Monday, March 15, 1999

SXSW Great Ideas & Secrets of Webzines

After the panel I met Matt Broermsa of ZDNet News, Stuart Heady of the Web Coalition in Austin and the famous Owen Thomas of Ditherati. Owen told me how United Flight 172 from San Francisco was pretty much filled with people coming for this show. The NY contingent also came out en masse and these two camps were interesting cliques to revolve around during the festivities.

One of the great things about the SXSWS was that there really were a lot of great ideas discussed. Unlike trade shows and conferences in Silicon Alley where sometimes it feels like it's always the same schpiel and ramblings about e-commerce and content and broadband and DaDeeDaDadDo, this one had truly rich discussions by serious content makers, designers, and business leaders.

One such panel was the one Joey Anuff of moderated. He led Janelle Brown (, Nikol Lohr (, Harry Knowles (Ain't It Cool News) and Halcyon Styn ( in a discussion on "Secrets of Successful Webzines." Janelle started her first zine in '96 and had a picture of Joey and Carl in her office as a dartboard for inspiration. Nikol's popular site originated out of her feeling she should stop bothering her friends with her gripes and put them on-line. She stared the Dick List and didn't even think people would read it. However, after her first Cease and Desist letter when a CEO of Prodigy was listed, the last names were taken down. Harry Knowles, another microstar in Austin, whose site gets over 400,000 hits per day started his zine out of a passion for and an expertise in film criticism. Joey and Carl started in reaction against the cult of personalities (yet have become personalities themselves now), and as he states, hates seeing pictures of columnists next to their work. His thought is that it gives people the chance to say "Hmmm. There's something I don’t like and I think its you!" when they can see your picture. Gee. I hope he doesn't see my site ;) ! Janelle said "the really good zines have a strong voice and personality." It doesn't matter if it's written perfectly or correctly, as long as the voice is there, to which Halcyon and Harry replied that they don't even use spell checkers or copyeditors at times.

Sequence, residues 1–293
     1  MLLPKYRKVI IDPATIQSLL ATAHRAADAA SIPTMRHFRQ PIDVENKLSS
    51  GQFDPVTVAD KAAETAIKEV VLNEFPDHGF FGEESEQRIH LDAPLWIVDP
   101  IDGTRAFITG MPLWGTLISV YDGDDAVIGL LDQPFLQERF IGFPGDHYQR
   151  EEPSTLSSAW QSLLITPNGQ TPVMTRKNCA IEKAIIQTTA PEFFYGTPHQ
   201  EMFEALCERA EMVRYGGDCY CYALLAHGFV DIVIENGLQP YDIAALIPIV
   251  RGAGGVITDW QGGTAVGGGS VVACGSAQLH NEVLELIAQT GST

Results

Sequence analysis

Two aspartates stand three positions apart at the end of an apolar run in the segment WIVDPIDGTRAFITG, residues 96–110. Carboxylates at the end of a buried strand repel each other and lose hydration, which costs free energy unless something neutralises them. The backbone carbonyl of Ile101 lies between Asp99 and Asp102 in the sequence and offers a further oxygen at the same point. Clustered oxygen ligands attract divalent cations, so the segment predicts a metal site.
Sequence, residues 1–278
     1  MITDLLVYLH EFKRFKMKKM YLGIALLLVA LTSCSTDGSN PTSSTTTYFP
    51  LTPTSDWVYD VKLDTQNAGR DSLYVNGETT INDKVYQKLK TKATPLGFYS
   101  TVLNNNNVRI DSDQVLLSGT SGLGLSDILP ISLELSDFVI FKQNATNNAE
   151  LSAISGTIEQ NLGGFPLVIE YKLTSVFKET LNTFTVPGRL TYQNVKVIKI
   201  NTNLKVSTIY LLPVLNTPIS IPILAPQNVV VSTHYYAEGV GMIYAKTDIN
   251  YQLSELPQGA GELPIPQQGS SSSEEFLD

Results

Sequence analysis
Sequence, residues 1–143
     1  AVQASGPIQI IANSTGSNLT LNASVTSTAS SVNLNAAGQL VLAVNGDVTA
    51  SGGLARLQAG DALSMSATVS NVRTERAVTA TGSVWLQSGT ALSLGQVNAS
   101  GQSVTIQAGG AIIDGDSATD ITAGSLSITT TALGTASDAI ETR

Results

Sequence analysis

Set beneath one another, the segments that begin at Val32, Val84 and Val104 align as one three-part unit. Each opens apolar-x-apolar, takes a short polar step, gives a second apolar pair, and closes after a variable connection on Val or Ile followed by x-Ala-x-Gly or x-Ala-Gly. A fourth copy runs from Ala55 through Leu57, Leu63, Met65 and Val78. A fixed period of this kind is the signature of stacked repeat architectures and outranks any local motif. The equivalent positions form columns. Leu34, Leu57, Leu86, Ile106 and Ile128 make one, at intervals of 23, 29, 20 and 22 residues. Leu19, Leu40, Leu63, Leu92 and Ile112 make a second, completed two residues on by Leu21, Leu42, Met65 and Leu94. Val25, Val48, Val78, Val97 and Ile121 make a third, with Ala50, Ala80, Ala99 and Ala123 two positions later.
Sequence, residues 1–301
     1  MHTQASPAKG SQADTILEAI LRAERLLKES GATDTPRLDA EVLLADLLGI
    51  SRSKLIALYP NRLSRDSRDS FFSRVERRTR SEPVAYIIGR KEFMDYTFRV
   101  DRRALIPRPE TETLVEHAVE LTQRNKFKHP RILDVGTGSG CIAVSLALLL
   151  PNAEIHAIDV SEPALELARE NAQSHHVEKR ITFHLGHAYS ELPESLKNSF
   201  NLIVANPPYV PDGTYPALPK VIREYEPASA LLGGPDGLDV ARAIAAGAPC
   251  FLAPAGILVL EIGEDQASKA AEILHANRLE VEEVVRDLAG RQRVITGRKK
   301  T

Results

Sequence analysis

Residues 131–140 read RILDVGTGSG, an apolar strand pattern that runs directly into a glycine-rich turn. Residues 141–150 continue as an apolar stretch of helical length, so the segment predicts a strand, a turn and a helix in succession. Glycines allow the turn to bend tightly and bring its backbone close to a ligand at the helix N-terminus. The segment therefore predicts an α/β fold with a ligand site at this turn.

Addressing the famedom aspect that these panelists enjoy, Janelle retorted that they at Salon are just like everyone else--there are no Madonna's on the web. (Really? Coulda fooled me!) Salon is just a group of people who have opinions and want to express themselves. People who have smart provocative viewpoints, that is. Janelle also spoke ardently against the use of the world "zine" feeling it diminutized the work. Harry didn't mind it and I personally think it's appropriate. Content rich sites with regular updates aren't MAG-a-zines, and Electronic Zine, e-zine, and zine are apt descriptions of something that's quick, changeable, mutable and new. Halcyon didn't focus on the word so much as the fact that anyone with Notepad and a pirated copy of PhotoShop can now compete with the likes of Microsoft as opposed to having to go to Kinkos and make copies for distribution. At Suck, Joey added, they thought having a white background was a step forward. He predicted a future where the next revolutionary site will have a gray background and broken Gifs. Maybe he should check out my site. (kidding!)